Gophers F Parker Fox out indefinitely after right knee injury in summer workouts

Parker Fox works out during the Gophers men's basketball team's summer practice on campus. Ben Johnson said Tuesday Fox suffered a right knee injury on Monday and is out indefinitely. ((credit: University of Minnesota Athletics))

The University of Minnesota men’s basketball team is one week into its summer program, and it appears the Gophers are already dealing with a potentially significant injury to an impact player.

Ben Johnson told reporters on Tuesday forward Parker Fox suffered a right knee injury in practice on Monday. Fox, a Mahtomedi native who was a Division II All-American at Northern State before transferring back to Minnesota last season, missed all of last year with a left knee injury in the offseason.

The latest injury is to the opposite knee, and he’ll be out indefinitely. There is no timetable for his return.

"It was just a normal play. It was in a crowd. It’s just unfortunately one of those things that comes with playing. We’ll support him until we find out further information and obviously hope for the best for him and figure out where we go from there once we get the right info," Johnson said.

Fox had returned to practicing with the Gophers by the end of last season, but wasn’t going to play until the 2022-23 season. His jump and athleticism had returned in social media highlight videos released by the team, and looked ready to be a major contributor this season.

It appears that’s on hold for the immediate future, and the hope is it’s not a season-ending injury. Fox was one of the team’s most vocal and supportive players on the bench while the Gophers went 13-17 last season.

"You talk about a guy that did probably the best job I’ve been around as far as the rehab. When he first did it and he committed, I told him you’re probably out for the whole year. There was never a rush on his end to try to get back," Johnson said. "He was really confident, and he was playing well. It’s just one of those things where hopefully it’s something that’s not season-ending. You feel for him that he’s even put in this position, I saw the work that he put in last year. It’s just a lesson that you just never know. We’re all one play away from not having good news possibly."


Johnson’s first real recruiting class features four former Minnesota prep standouts, three in freshmen Pharrel Payne, Braeden Carrington and Joshua Ola-Joseph. Payne, out of Cottage Grove, averaged 22 points, 12 rebounds and two blocks per game last season after missing the first eight games with an injury.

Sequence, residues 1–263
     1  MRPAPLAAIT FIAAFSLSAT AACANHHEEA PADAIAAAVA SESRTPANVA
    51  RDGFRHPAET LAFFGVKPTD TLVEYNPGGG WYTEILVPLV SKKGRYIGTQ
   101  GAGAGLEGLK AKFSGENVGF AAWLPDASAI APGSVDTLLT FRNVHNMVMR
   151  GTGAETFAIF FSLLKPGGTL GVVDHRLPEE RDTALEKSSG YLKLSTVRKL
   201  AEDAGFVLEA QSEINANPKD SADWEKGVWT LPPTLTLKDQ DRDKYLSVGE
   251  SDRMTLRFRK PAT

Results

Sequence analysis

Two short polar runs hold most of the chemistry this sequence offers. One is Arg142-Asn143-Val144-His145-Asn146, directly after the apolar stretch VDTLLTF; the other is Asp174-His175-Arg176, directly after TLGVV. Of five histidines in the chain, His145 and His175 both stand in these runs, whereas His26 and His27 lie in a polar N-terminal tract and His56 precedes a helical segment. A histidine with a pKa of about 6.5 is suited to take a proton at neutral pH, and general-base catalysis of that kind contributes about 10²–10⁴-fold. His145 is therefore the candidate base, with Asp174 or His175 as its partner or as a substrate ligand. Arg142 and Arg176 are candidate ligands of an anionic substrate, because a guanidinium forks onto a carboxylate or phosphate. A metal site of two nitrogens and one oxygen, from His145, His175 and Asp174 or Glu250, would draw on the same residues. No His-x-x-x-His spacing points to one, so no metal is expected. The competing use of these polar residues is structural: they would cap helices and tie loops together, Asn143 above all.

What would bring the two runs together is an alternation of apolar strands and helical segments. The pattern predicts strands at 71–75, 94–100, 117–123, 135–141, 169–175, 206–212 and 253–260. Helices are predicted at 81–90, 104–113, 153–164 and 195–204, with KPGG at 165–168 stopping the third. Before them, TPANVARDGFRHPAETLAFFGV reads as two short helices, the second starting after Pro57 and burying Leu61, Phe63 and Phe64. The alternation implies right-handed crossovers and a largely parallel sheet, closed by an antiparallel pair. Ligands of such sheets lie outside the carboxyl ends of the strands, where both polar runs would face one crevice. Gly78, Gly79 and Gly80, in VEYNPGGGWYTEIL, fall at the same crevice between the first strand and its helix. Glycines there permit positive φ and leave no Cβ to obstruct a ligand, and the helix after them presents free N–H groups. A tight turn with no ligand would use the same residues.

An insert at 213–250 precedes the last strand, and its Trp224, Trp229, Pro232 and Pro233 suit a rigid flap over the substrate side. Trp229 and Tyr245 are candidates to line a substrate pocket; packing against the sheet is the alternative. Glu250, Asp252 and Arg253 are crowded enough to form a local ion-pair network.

He’s 6-9 and 230 pounds, and Johnson raved about his potential on Tuesday. Payne could get significant playing time right away if Fox is out long-term.

"He could play in a Big Ten game right now. He’s probably one of the top developed freshman that I’ve been around. He can go toe-to-toe with anybody. Physically, he’s ready," Johnson said. "Pharrel is just a physical force. His ceiling is through the roof."


Johnson on Tuesday did not have an update on a medical hardship waiver to grant Prior Lake native and transfer Dawson Garcia immediately eligibility for the 2022-23 season. Johnson said the paperwork has not yet been filed to the NCAA.

"We’re just going to be as due diligent as we can. You can hand it in early, but you still might not get an answer until down the line," Johnson said. "It’s just more important on our end that we’re crystal clear with the waiver."

A McDonald’s All-American two years ago, Garcia spent one season at Marquette. He left the program after Steve Wojchichowski was fired, using his one-time transfer to go to North Carolina. Garcia played 16 games with the Tar Heels, starting 12, and averaged nine points, 5.5 rebounds and shot 40.5 percent from the field.

He left the program to come back to Minnesota and be with family. His grandfather passed away from COVID-19 complications, and his father also had to be hospitalized. When he does take the court, he’ll be the first McDonald’s All-American to play for the Gophers since Kris Humphries in 2003.

"He’s good. I think the biggest thing is I don’t want him to feel like the weight of the world is on his shoulders," Johnson said. "He’s just gotta be like the freshmen. Come in, learn our system, get better every day and see where it can take you. That’s who he is, he just wants to work."

The Gophers will have eight weeks of summer workouts, then get a break before school starts in the fall.